• For on-premise deployed enterprise applications — User onboarding happens as part of the implementation. New users are created and administered by someone in the IT department.

Registration can happen at various points during the user’s journey on your product. You will need to map these out. Some numbers say that upon seeing a registration page, 51% are likely to abandon the website/flow. That’s a pretty big number and I’ve seen bigger ones on some other sites. Larger abandonment rates tend to be for sites that ask for more data without a clear purpose. More about this later.

DO NOT ask the user to register unless it absolutely required. I know marketing needs it but don’t impede user flows.

Never ask the user for more information than you need.

A good reason to ask the user to register is to provide a better experience for returning flows.

  • A user taking a course on a platform
  • A user who has added items to the cart but hasn’t checked out yet. — A user setting up infrastructure on the cloud.
  • In our product, the code dares are full-scale development like tasks. It’s almost as if someone was coding to build out a user story in a sprint. The workspace needs to keep syncing to the cloud so that the developer can resume where he/she left off. We expect the developer to finish in more than one sitting.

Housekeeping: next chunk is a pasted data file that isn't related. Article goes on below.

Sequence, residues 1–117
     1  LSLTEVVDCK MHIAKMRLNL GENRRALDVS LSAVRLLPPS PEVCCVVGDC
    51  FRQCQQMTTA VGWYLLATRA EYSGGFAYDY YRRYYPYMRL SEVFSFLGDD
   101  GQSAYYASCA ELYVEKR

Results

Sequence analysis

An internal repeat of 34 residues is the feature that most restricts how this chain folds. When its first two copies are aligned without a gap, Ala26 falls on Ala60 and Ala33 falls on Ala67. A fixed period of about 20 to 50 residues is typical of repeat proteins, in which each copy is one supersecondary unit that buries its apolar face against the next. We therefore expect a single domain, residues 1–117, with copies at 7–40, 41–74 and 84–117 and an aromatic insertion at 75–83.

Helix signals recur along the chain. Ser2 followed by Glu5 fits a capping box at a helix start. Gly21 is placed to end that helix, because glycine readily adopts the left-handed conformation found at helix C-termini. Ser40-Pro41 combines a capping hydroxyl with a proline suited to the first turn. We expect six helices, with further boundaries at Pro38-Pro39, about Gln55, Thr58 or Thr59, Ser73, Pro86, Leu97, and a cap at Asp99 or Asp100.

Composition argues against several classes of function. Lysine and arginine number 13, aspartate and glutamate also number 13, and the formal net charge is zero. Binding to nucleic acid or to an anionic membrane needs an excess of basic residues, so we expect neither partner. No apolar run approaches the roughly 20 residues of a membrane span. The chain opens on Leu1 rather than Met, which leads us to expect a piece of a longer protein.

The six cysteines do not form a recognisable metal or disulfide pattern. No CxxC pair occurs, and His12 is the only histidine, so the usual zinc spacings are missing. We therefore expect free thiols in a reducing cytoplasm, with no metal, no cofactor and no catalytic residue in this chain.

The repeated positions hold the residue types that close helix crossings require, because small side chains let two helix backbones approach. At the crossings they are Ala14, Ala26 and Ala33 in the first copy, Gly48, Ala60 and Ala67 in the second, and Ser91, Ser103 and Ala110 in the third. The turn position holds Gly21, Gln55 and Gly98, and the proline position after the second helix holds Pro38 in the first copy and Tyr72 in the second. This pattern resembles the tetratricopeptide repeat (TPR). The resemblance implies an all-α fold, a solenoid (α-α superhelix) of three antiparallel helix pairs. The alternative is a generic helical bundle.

The product can handle the experience in a few different ways for unregistered users:

  1. Assign the user a token with a fixed validity — The token can be part of a URL and the user can resume the flow using the URL. For this method, you will need an email address so that you can mail a URL to the user.
  2. Assign the user a temp password — To resume from where the user left off, the system assigns the user a temp password. The user can enter this password/Unique identifier to resume. Think of WebEx or GoToMeeting where the user enters the meeting ID after clicking on the link. Again, an email address is mandatory for sending the user this information.